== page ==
Saturday, July 31, 2021

Making Books Starred Favorites

Occasionally I wish I'd done something differently in a book, but mostly I like what I write. Readers (and reviewers) seem to appreciate them, too. So why don't I have 1,000 reviews for each book?

I don't work hard enough to seek reviews. It's a process that builds, and I need to make the foundation stronger.

With most emails to newsletter readers, I mention that authors love reviews and I would appreciate theirs. But, I rarely reach out to individuals.When I first published the Jolie series in 2011, friends, former neighbors, and work colleagues were quick to read Appraisal for Murder and many offered reviews. Perhaps it made me compacent.

If I had paid more attention the next year, I would have modeled my behavior on author Karen Musser Nortman. She emailed me to say Amazon indicated people who read her books also read mine.Would I consideer reading and reviewing one of hers? Sure. 

What I Do 

1) Offer review copies to those on my email list. 

2) Remind people they no longer need to write a recommendation on most book review sites. They can simply give a book the starts they believe it deserves.

4) Spend a little money giving away paperbacks or ebooks. 

5) Introduce readers to Smashwords, an aggregator, which lets me provide coupons for free books. I give newsletter recipients a short lesson in how to do this, because sometimes people worry they might still get charged.

6) Ask readers to leave reviews (or stars) on sites beyond Amazon, especially Goodreads. Millions of readers look to Goodreads for recommendations. (Note: Amazon bought Goodreads a few years ago, but review rules are less strict than on the retail site.)

7) Rotate books as freebies. After a book has been out for a long time, reviews slow or pretty much stop. This year, I began periodically offering books in the Jolie Gentil cozy mystery series for free for a month on Amazon and all sites. This can garner 50-75 reviews -- from more than a few thousand downloads. A few are three stars, but most are four and five-star reviews (or simply stars). Again, these are older books. I want people to buy the new ones. Added reviews do lead to more sales later.

Some Things Not to Do

1) Don't ask people in your household to write reviews, even if they are not relatives. Websites can tell you use the same Internet ISP, and the reviews will be removed.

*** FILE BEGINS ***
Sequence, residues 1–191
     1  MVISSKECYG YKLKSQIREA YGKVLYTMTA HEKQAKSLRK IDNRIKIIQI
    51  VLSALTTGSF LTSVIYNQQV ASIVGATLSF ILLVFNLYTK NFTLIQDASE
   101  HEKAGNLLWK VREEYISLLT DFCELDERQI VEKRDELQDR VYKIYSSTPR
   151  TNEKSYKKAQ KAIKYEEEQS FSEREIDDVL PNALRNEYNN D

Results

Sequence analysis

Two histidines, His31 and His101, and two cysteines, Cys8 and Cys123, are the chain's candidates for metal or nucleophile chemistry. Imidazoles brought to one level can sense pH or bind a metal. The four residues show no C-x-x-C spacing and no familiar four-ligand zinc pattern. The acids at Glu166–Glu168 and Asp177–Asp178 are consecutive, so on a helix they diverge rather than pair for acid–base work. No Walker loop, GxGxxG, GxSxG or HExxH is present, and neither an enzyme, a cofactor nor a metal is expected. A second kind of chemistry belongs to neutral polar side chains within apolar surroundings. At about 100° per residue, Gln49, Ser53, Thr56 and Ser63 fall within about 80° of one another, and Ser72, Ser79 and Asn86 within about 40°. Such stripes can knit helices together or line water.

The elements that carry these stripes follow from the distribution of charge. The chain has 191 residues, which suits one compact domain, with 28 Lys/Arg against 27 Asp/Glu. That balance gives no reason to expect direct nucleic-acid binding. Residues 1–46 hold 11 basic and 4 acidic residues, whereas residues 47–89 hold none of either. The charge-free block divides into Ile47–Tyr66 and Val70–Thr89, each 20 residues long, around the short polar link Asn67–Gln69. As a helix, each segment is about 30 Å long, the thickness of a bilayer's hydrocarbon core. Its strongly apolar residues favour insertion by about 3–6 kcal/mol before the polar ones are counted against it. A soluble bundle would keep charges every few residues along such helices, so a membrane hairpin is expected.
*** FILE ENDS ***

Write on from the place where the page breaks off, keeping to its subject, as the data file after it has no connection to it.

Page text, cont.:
2) Don't ask the same people to review every book. Amazon may see patterns and remove what they believe to be "friend reviews." Other sites do less of this.

3) Don't imply people can give you a review even if they haven't read a book. It is not a personal endorsement of you, it's a way for potential readers to learn something. 

Things I Recently Learned

The Indie Author Project recently presented a webinar with James Schwartz who gave good advice on seeking reviews. While this was free, he also has a firm that (for fees) can help with many aspects of self-publishing.

1) For new books (or older ones with new editions) ask up to ten people per week to do a review. Schwartz suggests contacting people who have reviewed similar books or are in Goodreads groups that feature books like yours.

2) Develop a common "ask" note to modify for the requests.That will reduce the workload.

3) Track the requests and their results. Not everyone who- agrees to review can follow through, so you you may not want to send them a free book or coupon the next time around.

4) Recognize that a bad review is beneficial because it may keep some people from reading the book and leaving their own bad review. This was the most surprising point of the seminar (to me), and it makes sense.

Things I Should "Know Better" and Do Consistently

Sometimes I kick myself for not being more persistent, about many aspects of marketing. Make no mistake, bringing in book reviews is marketing. I want to write, not market.

1) Wait a few extra weeks before releasing a new book. I go through my wonderful critique group, work with beta readers, and pay a proofreader. But I don't allow enough time to send advance review copies (ARCs) to potential reviewers. Doing this means more reviews the first week a book is released.

2) Use local media. I used to drop copies of new books with all local print media and send press releases to radio and TV stations. For some reason, I do less of this. (Chalk it up to working on new books immediately.) I've moved several times in the last few years, which means I have few personal media contacts. Too bad, just do it.

3) When people on a newsletter list ask for review copies, go to them for all other books. (You can ask if this will be okay.) I put these requests in an email folder, but have not always gone back to them.

4) Ask people who review similar books to review mine. It can be hard to find contact information, so if  I can't, I'll move on. People in sales say the most important perspective is "next." 

Seek Reviews Even if You Work with a Publisher

A larger publisher will send review copies well in advance of publication. Yay! They may even pay the fees for review in Publisher's Weekly or Kirkus. Big yay!

However, you still need to work your networks and ask readers for reviews. Publishers have lots of authors and limited marketing budgets. At some point, they need to move on. Coordinate with the publisher, of course.

I'll report back on results in a few months. Feel free to offer your own ideas.

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To learn more about Elaine, go to or sign up for her newsletter

Saturday, July 24, 2021

Shared Experiences and "Do You Remember" Discussions

The other day, my husband asked me if I remembered the television show Bonanza. I immediately began to sing the theme song, a rhythmic beat that almost mimics pounding horse hooves. My immediate response brought to mind the relevance of shared culture in entertainment.